Divorced and kids – including a nineteen year old with autism – at their Dad’s for the weekend, I went grocery shopping around noon and struggled to find a parking spot as a few flakes of snow were imminent.
I grabbed a shopping cart and headed inside to purchase my usual hodgepodge of items. There was a table set up near the vegetables where you could pick up a Valentine’s Day flower arrangement. Another table had free cups of sparkling cider. There were doughnuts with red icing hearts, pink cookies and cupcakes, and a voice boomed over the loud speaker encouraging the busy shoppers to buy a cake or a bouquet of flowers.
As I made my way down the pet food aisle to grab some cat food for Chester (OK, maybe I wasn’t really alone because Chester was lumping around somewhere in the house), I heard some familiar sounds coming from another aisle. I turned my cart around and followed the noise until I found them: an older man with a young girl, maybe nine or ten years old, and she appeared to have autism.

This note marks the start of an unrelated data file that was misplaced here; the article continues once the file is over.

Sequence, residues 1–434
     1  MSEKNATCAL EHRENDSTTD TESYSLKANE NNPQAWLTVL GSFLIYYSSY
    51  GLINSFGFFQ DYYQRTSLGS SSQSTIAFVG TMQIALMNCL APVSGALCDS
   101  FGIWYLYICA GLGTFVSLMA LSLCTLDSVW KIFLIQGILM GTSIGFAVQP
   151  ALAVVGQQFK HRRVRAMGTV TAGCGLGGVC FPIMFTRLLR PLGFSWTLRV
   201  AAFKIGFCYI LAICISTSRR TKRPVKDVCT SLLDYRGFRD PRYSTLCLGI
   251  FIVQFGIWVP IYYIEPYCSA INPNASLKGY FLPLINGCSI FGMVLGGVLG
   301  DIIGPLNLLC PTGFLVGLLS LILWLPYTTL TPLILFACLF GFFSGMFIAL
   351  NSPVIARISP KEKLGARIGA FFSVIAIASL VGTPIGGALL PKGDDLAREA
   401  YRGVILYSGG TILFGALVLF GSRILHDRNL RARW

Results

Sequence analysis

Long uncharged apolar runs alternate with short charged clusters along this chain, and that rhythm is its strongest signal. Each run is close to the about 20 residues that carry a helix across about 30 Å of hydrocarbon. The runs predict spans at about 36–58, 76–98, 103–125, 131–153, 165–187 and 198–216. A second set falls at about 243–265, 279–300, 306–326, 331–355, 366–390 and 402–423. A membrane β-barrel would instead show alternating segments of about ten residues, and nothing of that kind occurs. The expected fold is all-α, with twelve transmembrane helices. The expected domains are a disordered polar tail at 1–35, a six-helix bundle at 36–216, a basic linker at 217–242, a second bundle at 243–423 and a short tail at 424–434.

I trailed behind them for a bit. She’d yell something out, or kick her leg back behind her, and he’d pull the cart over and quietly talk to her. I wanted to stop and tell him, “Screw the shoppers,” and I remembered my friend Roe telling me about the time she was on an airplane with her son, and he was making a racket. A passenger nearby made a comment and she shot back, “I deal with this every day of my life, you can put up with it for five minutes.”
After I stopped stalking them, we crossed paths a few more times, and I witnessed the same scene again and again – a small commotion and then dad quietly containing his girl. When I got in one of the long checkout lines, I could hear her a few lines down, and I glanced over trying to catch a glimpse of what she was up to.
As I stacked the grocery bags in my car, I wondered if there was a mom at home, and if he took his girl grocery shopping on Valentine’s Day to give her a break. I searched for them as I drove out of the parking lot, wanting to thank him. Thank him for taking his girl out and into that busy grocery store, for reminding me how enduring love is, how even if she never knows what a Valentine’s heart is for, you pull her aside, quietly talk to her, contain her. Love her.
Lori Brozek is the mother of a nineteen year old with autism. She lives in NJ.